Exactly who will qualify for the initial doses has not been decided, but groups that are at higher risk for infection, or are more vulnerable to the virus, are likely to get priority. That could include health care workers as well as older adults and those who have risk factors like obesity or diabetes.

Pfizer and BioNTech say they could ramp up to 1.3 billion doses a year. That’s still far from enough to satisfy the world’s need for vaccines. If other vaccines also prove effective, companies will be able to manufacture them as well and help meet the demand.

When will the general public be able to get it?
Pfizer has said that it will likely apply for emergency authorisation in the third week of November, after it collects the two months of safety data that the FDA has asked manufacturers to submit. Then, the agency will consult with an outside advisory committee of experts, and may take weeks to pore over detailed data about the vaccine’s safety, effectiveness, and the companies’ ability to safely manufacture millions of doses.

The vaccine could be authorised for certain high-risk populations before the end of the year, but that would only happen if everything goes as planned and there are no unforeseen delays.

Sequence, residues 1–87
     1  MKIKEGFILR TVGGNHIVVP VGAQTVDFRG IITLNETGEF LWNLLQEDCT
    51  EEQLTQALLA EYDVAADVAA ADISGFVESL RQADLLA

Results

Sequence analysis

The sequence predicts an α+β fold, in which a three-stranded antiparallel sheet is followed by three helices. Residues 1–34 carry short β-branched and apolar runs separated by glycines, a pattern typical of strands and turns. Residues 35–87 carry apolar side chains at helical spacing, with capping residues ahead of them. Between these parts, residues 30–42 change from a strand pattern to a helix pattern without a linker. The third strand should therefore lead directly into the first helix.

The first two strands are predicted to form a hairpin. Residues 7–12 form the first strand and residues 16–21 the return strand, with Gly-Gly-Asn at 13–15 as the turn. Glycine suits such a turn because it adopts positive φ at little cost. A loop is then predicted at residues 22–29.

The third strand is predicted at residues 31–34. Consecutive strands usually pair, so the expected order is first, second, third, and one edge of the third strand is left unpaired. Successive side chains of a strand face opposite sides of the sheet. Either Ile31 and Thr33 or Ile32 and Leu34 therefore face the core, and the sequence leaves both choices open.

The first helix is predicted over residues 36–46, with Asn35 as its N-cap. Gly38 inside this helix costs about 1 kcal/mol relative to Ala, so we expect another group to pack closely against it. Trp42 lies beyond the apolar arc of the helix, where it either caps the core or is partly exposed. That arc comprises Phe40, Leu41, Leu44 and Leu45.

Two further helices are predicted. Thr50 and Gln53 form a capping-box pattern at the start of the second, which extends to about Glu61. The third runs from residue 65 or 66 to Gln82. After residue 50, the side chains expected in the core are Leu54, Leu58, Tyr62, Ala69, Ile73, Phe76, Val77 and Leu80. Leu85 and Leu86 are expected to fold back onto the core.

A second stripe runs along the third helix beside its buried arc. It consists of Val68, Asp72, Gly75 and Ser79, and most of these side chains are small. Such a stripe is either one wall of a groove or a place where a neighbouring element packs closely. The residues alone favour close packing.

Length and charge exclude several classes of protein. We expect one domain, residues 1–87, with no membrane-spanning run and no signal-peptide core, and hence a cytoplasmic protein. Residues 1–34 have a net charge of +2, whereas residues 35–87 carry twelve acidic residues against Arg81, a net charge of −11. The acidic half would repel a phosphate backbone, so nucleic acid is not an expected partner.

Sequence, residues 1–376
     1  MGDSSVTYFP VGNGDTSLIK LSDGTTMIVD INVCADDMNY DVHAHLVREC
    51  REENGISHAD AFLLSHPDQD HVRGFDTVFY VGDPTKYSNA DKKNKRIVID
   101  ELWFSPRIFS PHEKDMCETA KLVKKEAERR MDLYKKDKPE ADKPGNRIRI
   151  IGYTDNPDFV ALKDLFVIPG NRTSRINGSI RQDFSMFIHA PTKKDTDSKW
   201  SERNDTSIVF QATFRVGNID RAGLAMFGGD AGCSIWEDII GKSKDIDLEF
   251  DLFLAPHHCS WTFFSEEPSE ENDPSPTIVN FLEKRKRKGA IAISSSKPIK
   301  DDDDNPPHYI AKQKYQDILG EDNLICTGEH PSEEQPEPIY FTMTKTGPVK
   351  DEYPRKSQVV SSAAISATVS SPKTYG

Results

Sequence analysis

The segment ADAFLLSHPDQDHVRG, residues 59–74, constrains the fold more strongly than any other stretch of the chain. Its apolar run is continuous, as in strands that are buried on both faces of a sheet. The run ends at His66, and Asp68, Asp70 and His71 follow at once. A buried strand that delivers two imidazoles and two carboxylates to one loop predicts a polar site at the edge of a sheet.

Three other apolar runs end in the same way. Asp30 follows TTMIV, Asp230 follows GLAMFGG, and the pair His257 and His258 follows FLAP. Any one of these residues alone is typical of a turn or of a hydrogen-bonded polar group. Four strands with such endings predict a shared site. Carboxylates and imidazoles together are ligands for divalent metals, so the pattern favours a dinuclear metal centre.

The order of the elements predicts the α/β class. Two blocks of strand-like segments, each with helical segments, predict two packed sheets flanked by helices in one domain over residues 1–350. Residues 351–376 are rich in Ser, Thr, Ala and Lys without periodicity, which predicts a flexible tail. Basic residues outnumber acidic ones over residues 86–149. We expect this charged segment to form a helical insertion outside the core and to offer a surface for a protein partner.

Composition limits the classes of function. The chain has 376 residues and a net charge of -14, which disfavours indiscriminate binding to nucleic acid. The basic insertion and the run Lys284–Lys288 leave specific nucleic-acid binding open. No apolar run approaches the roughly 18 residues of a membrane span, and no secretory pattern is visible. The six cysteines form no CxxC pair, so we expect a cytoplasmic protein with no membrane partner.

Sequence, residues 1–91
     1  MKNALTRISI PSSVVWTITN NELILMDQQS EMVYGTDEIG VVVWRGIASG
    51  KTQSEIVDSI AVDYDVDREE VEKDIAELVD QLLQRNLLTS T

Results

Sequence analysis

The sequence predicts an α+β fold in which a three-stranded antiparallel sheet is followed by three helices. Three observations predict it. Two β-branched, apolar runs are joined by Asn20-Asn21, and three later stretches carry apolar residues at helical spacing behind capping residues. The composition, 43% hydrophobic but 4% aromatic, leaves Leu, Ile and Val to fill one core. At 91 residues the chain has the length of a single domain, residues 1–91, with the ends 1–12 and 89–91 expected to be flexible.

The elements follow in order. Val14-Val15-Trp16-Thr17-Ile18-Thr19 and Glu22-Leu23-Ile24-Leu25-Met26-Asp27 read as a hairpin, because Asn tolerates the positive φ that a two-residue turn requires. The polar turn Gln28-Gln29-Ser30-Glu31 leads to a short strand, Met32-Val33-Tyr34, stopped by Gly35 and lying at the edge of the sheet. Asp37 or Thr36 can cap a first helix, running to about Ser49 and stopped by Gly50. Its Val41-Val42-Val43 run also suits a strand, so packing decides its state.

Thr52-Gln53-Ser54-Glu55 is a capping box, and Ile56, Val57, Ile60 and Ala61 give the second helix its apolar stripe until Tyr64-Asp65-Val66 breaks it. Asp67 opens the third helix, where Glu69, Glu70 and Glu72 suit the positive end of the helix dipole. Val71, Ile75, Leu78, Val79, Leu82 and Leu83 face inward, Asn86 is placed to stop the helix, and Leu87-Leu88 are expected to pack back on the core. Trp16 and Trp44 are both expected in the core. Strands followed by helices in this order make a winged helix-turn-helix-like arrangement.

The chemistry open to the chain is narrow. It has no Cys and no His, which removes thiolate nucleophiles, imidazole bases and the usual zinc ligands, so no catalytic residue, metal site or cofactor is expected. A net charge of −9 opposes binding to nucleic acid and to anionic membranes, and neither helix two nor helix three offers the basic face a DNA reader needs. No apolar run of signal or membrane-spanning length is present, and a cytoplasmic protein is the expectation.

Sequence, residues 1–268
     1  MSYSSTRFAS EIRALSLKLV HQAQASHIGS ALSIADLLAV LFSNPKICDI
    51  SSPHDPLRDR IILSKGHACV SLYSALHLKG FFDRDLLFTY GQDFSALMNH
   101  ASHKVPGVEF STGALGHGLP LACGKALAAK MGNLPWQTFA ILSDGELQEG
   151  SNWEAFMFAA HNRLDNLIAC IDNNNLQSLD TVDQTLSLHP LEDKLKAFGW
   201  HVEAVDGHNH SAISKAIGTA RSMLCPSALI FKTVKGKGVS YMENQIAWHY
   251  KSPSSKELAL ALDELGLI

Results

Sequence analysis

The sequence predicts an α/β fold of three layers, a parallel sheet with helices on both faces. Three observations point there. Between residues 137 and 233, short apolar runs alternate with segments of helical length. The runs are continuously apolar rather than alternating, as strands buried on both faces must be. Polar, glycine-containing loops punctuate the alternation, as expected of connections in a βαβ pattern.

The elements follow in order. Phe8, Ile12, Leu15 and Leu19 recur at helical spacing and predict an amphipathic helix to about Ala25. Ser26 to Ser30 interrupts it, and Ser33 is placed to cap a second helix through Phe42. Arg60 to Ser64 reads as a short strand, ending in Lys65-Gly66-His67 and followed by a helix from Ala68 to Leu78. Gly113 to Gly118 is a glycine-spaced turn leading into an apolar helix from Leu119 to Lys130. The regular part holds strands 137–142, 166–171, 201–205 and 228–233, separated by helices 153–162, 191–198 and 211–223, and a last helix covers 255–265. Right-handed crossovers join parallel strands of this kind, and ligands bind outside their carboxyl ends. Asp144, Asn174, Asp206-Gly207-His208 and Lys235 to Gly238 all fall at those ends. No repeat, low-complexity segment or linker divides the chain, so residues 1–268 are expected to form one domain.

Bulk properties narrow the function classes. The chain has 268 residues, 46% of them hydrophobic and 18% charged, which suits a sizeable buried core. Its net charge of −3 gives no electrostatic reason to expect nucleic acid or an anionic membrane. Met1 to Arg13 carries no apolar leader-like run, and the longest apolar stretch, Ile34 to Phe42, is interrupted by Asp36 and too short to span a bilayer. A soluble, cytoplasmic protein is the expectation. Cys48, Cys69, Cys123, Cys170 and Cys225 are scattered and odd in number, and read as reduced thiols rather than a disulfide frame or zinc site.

What is left to do in the trial?
The trial will continue until it reaches 164 cases of Covid-19. At that point, the study will be complete and the results analysed.

While the preliminary results offer some compelling evidence that the vaccine is effective, they don’t tell us with certainty just how effective it is. Clinical trials simply aren’t set up to do that. They can only allow scientists to make an estimate based on statistics — an estimate known as efficacy. The effectiveness of a vaccine can only be firmly determined once millions of people get it. But experts say that the preliminary data indicates that the effectiveness should be very high.

Will it work on older people?
The new results also don’t tell us whether older people will get strong protection from the vaccine. Pfizer and BioNTech’s clinical trial includes people over age 65, so it will eventually provide this crucial information. Early clinical studies have suggested that older people produce a weaker immune response to coronavirus vaccines. But with such strong preliminary evidence, it’s possible that they will still get strong protection from a vaccine.

What about children?
Another open question is whether children will get protection from the vaccine. The trial run by Pfizer and BioNTech initially was open to people 18 or older, but in September they began including teenagers as young as 16. Last month, they launched a new trial on children as young as 12 and plan to work their way to younger ages.

What does this news mean for the other vaccines in the race?
There are 10 other vaccines now in late-stage trials across the globe. The fact that Pfizer and BioNTech have gotten encouraging results is making experts optimistic about the entire field.

“It gives us more hope that other vaccines are going to be effective too,” said Akiko Iwasaki of Yale University.

Original WRITER: New York Times
Sources: | Bangkok Post